Redox flow batteries (RFBs) represent promising large-scale energy storage devices for many reasons, such as, being a source of independently scalable power and energy, allowing for modular production, are operational at ambient temperatures and are environmentally benign [1,2,3,4]. In recent years, organic redox flow batteries (ORFBs) have grown to become very promising candidates to fulfill the requirements of ‘‘green’’, safe and sustainable energy storage [5]. Among them, aqueous ORFBs (AORFBs), which use water as solvent, are of high interest for both industry and academia [6,7,8,9,10,11]. Particularly, the neutral pH value AORFB employing water-soluble dimethyl viologen (MV, N,N’-dimethyl-4,4′-bipyridinium dichloride) (anolyte) and TMA-TEMPO (N,N,N-2,2,6,6-heptamethylpiperidinyl oxy-4-ammonium chloride) (catholyte) molecules has been demonstrated as a stable and high performing flow battery system [12]. A relatively high capacity of 54 Ah·L−1 giving a total energy density of 38 Wh·L−1 at a cell voltage of 1.4 V has been reported using TMA-TEMPO (2.3 M)/MV (2.4 M) as the active materials [12]. The relatively high energy density of this system is due to the high solubility of both active materials. Furthermore, the solubility of the organic active materials and, hence, energy density can be further improved by modifying the functional group or tuning the composition of the supporting electrolytes [13,14].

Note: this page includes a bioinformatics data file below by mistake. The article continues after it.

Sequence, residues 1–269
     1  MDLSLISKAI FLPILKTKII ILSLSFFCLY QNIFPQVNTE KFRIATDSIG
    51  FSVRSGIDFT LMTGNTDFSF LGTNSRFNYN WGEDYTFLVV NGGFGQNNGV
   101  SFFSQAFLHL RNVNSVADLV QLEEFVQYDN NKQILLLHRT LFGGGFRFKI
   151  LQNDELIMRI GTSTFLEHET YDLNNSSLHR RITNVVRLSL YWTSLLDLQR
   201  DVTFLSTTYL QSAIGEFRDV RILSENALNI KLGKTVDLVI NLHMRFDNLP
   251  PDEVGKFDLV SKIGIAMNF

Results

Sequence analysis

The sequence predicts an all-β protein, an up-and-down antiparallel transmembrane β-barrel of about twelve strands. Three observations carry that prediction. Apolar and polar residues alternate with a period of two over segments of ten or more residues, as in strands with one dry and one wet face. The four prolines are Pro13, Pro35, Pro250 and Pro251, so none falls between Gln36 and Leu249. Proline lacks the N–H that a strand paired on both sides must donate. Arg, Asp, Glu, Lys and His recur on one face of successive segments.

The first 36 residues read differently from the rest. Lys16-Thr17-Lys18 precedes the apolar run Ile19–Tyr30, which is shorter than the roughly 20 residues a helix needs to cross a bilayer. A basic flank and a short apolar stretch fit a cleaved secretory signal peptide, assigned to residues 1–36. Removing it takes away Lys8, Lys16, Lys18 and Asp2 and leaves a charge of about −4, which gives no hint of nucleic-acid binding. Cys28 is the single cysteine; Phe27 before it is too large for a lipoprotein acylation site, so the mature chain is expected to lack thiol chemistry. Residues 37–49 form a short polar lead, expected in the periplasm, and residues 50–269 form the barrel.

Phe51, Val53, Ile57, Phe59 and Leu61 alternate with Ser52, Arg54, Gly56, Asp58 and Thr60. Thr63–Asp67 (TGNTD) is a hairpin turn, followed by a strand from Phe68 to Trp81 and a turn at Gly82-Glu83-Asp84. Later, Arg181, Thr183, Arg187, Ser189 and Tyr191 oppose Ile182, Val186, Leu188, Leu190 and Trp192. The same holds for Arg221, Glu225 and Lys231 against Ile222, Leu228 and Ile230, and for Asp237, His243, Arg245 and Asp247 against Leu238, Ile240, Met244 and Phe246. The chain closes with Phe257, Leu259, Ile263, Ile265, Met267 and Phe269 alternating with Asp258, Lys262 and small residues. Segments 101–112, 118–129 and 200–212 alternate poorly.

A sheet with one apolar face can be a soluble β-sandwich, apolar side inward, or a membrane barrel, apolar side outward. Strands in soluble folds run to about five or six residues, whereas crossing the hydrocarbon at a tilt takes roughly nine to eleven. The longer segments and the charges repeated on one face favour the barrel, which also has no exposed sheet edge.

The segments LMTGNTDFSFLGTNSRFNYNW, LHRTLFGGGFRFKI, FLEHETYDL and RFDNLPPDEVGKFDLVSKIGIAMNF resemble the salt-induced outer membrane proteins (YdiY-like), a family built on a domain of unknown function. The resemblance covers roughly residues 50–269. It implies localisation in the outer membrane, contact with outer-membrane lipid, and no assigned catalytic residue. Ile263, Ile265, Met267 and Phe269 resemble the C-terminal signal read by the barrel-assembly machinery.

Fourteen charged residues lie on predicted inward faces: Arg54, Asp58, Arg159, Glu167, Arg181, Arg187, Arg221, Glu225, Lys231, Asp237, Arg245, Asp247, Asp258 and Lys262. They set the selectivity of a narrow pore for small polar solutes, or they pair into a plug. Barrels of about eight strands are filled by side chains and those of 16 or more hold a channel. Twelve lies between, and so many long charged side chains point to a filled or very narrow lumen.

Over the years, most research efforts have been focused on redox-active organic compounds [15,16]. However, the membrane separating catholyte and anolyte has been identified as one of the major obstacles in the deployment of various RFBs [17]. Battery performance is strongly defined by the membrane, since the key role of the membrane is to avoid the mixing of redox-active species and to conduct charge-carrying ions (e.g., Cl ion for TMA-TEMPO/MV system) for the electrochemical reaction. In other words, for a high power density battery, a membrane with high ionic conductivity is required, while for a high coulombic efficiency and capacity retention, the membrane should avoid the cross-contamination of active species [18,19]. Additionally, a well performing membrane should possess certain properties: (i) low ohmic resistance, (ii) good chemical stability, (iii) good mechanical stability and (iv) acceptable cost [5,20,21,22]. Moreover, the transport phenomena through a membrane used in RFBs are more complex and challenging as compared to those involved in other broadly studied systems such as fuel cells, as more ionic species are involved in transport activities driven by diffusion, osmosis and migration [16]. Therefore, to optimize the cell performance and to develop adapted membranes, there is a need to understand the correlation between polymer structure/membrane properties/transport phenomena and its influence on the overall cell performance. After all, it is the polymer structure (backbone, ionic moieties, ion exchange capacity (IEC), etc.) and microstructure of the membrane that endow the membrane with the different properties.